Nose: Chocolate cake, developing strong mocha notes; dark gingerbread – all pointing to a heavier wood influence than the 12yo, and particularly the 17yo.
Palate: Medium-full. Milk chocolate; quite woody, initially, possibly even a little cardboardy. Pancakes and flapjacks, plus the uniquitous Pulteney saltiness. Becomes citrussy with water, but I felt it didn’t swim too well. Better at full strength.
Finish: Decent length, with the wood, mocha and brine still evident.
Comment: Very enjoyable, but the 17yo remains my favourite of the range.
Anyways, we should have copies of Jim’s book appearing on the website shortly [Update: it’s in], but in the meantime there’s a complete list of the award winners behind the fold and a page of all the ones we have in stock on the website.
2012 World Whisky of the Year – Old Pulteney 21 Years old
Second Finest Whisky in the World – George T. Stagg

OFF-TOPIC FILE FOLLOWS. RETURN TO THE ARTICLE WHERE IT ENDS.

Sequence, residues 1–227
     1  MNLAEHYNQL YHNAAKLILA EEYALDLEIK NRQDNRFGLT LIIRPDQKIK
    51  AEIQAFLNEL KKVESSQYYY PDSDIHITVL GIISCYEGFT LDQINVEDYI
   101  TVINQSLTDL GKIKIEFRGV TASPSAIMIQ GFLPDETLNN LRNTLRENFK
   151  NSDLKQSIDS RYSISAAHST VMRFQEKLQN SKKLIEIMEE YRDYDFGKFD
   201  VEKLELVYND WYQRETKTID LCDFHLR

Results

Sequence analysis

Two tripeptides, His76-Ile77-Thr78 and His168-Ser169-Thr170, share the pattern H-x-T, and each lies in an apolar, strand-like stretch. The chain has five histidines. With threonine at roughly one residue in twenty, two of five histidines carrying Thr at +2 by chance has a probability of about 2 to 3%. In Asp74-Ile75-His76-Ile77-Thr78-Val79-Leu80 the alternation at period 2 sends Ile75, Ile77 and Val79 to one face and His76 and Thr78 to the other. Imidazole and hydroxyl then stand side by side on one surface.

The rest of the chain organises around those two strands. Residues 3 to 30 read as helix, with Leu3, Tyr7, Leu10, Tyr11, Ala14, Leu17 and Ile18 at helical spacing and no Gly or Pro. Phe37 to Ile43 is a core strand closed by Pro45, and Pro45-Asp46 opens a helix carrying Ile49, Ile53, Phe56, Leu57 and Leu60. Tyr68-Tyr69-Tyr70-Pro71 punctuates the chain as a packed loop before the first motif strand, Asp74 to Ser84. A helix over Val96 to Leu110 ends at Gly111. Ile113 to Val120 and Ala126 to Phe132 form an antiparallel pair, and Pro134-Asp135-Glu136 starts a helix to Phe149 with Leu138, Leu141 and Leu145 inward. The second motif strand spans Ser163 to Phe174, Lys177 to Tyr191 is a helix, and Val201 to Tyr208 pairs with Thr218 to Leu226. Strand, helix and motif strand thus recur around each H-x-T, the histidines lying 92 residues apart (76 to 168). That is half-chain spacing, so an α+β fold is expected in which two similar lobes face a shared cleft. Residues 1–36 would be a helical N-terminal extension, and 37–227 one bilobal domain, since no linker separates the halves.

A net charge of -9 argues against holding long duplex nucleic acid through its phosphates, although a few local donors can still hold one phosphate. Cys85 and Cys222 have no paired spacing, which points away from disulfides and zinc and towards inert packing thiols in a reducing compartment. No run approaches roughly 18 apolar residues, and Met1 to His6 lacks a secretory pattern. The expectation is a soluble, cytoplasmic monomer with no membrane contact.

Third Finest World Whisky in the World – Parker’s Heritage Collection Wheated Mash Bill Bourbon Aged 10 Years
Scotch Whisky of the Year – Old Pulteney 21 Years Old
Single Malt of the Year (Multiple Casks) – Old Pulteney 21 Years Old
Single Malt of the Year (Single Cask) – Scott’s Selection Highland Park 1981
Best Scotch New Brand – Clan Gold Blended
Scotch Blend of the Year – Ballantine’s 17 Years Old
Scotch Grain of the Year – Clan Denny Cambus 47 Years Old
Scotch Vatted Malt of the Year – Johnnie Walker Green Label 15 Years Old
Single Malt Scotch
No Age Statement (Multiple Casks) – Glenmorangie Sonnalta PX
No Age Statement (Runner Up) – Laphroaig Quarter Cask
10 Years & Under (Multiple Casks) – Ardbeg 10 Years Old
10 Years & Under (Single Cask) – SMWS 126.2 Aged 10 Years (Hazelburn)
11-15 Years (Multiple Casks) – The Macallan Fine Oak 12 Years Old
11-15 Years (Single Cask) – Berry’s Own Selection Clynelish 1997
16-21 Years (Multiple Casks) – Old Pulteney 21 Years Old
16-21 Years (Single Cask) – The GlenDronach Single Cask 1992
22-27 Years (Multiple Casks) – Highland Park Aged 25 Years
22-27 Years (Single Cask) – Malts of Scotland Port Ellen 1983